Written by Moses Masiye
Traditional leaders, teachers, child protection workers and the youth in Machinga have blamed Ntaja police unit and Mangamba police post for allegedly imposing fines on sexual offences, without court trial.
Speaking in separate interviews, the groups among other factors allege that officers at Ntaja police unit and Mangamba police post are corrupt as they fine suspects and complainants.
Group village headman Mangamba says he has evidence of several sexual offences that were not taken to court alleging that they also demand money.
“Officers at Mangamba police post are demanding money and set free suspects without taking them to court, a malpractice that is chocking the efforts to end child marriages,” complains group village head Mangamba.
Headteacher for Namisangu school Craston Chisalanga and vice chairperson for a network of child protection workers in T/a Liwonde Emelesi Mbendera concurred with group village head Mangamba in separate interviews that the police officers are derailing their efforts to end child marriages.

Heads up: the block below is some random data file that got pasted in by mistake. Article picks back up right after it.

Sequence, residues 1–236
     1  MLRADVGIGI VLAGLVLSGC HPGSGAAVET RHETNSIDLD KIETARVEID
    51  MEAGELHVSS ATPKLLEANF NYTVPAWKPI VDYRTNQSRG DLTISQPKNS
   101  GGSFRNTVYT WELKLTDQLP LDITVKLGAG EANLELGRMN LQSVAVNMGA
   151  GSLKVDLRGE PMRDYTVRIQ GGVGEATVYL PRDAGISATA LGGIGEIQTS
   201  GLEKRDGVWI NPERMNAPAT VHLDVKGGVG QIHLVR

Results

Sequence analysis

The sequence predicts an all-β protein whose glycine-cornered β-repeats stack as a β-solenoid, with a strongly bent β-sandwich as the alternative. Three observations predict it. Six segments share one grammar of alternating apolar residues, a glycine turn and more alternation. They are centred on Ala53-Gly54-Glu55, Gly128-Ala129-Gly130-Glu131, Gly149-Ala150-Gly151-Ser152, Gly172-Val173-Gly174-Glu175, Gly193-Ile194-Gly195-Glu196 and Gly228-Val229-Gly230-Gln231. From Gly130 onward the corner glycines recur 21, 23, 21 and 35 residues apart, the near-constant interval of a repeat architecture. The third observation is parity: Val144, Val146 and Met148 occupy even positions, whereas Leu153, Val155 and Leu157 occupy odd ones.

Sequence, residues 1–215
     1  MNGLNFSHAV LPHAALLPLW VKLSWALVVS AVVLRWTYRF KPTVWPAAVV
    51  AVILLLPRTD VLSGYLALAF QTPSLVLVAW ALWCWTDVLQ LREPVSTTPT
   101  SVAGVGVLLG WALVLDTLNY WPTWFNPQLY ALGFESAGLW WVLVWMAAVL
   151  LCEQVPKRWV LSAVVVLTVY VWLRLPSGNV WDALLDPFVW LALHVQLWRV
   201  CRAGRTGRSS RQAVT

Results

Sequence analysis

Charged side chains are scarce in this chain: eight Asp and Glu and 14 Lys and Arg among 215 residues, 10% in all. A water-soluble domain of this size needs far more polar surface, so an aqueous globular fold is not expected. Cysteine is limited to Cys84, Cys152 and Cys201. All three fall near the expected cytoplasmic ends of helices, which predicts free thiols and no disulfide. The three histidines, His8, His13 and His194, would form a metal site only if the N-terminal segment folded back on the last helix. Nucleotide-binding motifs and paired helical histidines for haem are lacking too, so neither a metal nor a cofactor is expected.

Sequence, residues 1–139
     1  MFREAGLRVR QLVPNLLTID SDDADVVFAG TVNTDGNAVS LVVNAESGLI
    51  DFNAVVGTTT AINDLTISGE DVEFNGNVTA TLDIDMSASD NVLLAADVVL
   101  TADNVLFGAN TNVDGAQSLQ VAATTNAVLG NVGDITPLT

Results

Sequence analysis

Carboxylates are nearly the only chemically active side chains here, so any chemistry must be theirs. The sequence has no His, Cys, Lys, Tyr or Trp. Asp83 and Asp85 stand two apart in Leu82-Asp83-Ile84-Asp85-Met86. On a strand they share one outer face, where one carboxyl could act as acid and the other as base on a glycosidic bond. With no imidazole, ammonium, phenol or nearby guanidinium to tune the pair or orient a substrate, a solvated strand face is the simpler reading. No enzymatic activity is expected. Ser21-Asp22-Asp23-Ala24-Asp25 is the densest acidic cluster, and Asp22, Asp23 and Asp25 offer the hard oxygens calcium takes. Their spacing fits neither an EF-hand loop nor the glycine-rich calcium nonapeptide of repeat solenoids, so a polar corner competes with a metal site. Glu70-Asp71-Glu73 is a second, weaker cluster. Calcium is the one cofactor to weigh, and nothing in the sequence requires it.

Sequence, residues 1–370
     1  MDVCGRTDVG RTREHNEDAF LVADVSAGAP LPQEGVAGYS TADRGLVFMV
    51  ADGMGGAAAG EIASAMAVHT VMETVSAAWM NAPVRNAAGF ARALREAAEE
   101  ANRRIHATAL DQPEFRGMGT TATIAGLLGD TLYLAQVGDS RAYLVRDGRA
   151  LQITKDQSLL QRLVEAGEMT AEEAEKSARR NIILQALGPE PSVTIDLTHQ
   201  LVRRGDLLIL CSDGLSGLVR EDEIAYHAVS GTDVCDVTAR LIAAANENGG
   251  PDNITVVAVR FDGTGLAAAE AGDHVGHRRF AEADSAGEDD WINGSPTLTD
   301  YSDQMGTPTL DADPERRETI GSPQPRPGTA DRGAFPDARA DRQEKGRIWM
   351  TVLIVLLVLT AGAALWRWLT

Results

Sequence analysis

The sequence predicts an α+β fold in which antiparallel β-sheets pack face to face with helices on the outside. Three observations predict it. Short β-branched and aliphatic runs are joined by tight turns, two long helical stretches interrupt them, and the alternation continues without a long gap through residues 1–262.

Machinga police station community policing coordinator Inspector Naison Chibondo says they have not officially received the complaints, but will investigate the allegations and ensure that the suspects are taken to courts.
“We will follow up the complaints and take proper action where necessary,” said inspector Chibondo.
Five non governmental organisations namely Plan Malawi, Center for human rights and rehabilitation, Amref health Africa, Family planning association of Malawi and Centre for youth empowerment and civic education, have teamed up to assist ending child marriages and teenage pregnancies in Machinga district through Yes I do project.
Plan Malawi Yes I do project coordinator Joseph Maere says the project is bringing together all relevant community leaders and members to take a leading role in ensuring that early marriages and teenage pregnancies are eradicated in Machinga district.
A recent evaluation under Yes I do project in Machinga reveals that about 300 boys and girls have been taken back to some primary schools after dropping out in the past 3 months alone.
These were rescued from early marriages, and about 80 percent of these are girls aged below 18 years, some of whom return after giving birth.